How would you describe the design line running through all of the Four Rings’ lighting projects?
Naturally, each Audi model has a different light signature. But they all share a highly sporty signature that’s never imprecise or frenetic. We set out to convey clarity and calm—whether from a distance or up close.

Glimpse of the Audi “light tunnel”.

How car headlights behave when driving at night is tested in what Audi calls its “light tunnel”, which can also simulate moving obstacles.

We set out to convey clarity and calm – whether from a distance or up close.

César Muntada

Especially from a distance, some people still consider LED light to be too cold. What’s your take?
LEDs can adapt to virtually any conditions by changing color or light temperature or, of course, intensity. The problem only arises when they are used incorrectly – if the light intensity is unnecessarily high. They then become distracting or annoying, which we obviously want to avoid. This is why, for instance, we came up with a matrix that automatically switches off the high beam when a car is approaching from the opposite direction.

In actual fact, the normal light temperature of LEDs is by no means artificial or cold, but comes close to that of daylight. Yet even the temperature of daylight feels unfamiliar when we are driving a car in darkness. We tend to associate light at night with warm tones.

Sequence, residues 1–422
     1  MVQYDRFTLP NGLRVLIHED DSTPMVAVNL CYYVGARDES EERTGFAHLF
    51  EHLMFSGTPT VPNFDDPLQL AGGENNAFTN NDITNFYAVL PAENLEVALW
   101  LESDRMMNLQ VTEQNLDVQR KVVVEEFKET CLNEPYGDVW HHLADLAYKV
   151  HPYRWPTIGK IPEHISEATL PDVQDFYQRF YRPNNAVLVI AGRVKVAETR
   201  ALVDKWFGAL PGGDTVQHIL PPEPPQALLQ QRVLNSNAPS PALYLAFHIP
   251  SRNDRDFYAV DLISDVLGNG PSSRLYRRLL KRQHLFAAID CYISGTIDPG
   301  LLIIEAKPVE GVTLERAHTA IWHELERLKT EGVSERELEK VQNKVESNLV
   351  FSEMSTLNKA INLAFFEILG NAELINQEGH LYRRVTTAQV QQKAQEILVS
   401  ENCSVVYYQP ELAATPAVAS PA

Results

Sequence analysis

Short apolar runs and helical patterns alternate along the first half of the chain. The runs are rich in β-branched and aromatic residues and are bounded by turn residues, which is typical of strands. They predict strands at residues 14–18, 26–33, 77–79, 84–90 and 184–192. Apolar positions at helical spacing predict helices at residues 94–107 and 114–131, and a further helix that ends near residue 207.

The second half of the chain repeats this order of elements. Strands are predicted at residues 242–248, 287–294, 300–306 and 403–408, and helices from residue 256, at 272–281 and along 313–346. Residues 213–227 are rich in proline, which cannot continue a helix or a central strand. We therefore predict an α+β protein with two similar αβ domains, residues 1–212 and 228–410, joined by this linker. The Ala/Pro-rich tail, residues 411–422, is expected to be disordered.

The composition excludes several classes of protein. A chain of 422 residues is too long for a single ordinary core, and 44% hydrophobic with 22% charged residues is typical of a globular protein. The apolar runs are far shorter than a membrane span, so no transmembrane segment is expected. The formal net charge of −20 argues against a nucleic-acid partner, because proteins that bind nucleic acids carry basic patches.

Aside from the options offered by LED technology, what other lighting trends are you observing?
What I find especially exciting is that a whole new semantics of movement is emerging. Do you remember equalisers? Those old machines that enabled us to see sound because a light moved along with it? We can now visualise silence – electronic impulses that no longer make any noise and whose function is revealed to the user solely by way of light signals.

Taillights and body parts in detail.
César Muntada walks away from the camera along the light tunnel.

What inspires you these days?
Nature has created so many wonderful things and everything in it is – to a greater or lesser extent – based on light. For example, as it gradually becomes dark in the evening, the light emitted as the stars begin to shine sends messages from the past. This alone sometimes inspires me to think of new messages for the future. Then there are books; I still lose myself in them. I’ll sometimes read very slowly, trying to precisely understand why one word might have been chosen rather than another. A statement’s power often lies in the fine detail.

But what I love most now is drawing inspiration from talking to my team. Coming from Barcelona, preserving the culture of eating lunch together is important to me. We talk about all kinds of things. Everyone wants to change the world. The conversation flits from one subject to the next. And almost always we reach a point where someone asks: can we try that out? Of course, why not? I am surrounded by so many positive thinking, progressive people. Only when we really can’t improve something any further, then maybe we’ll leave it as it is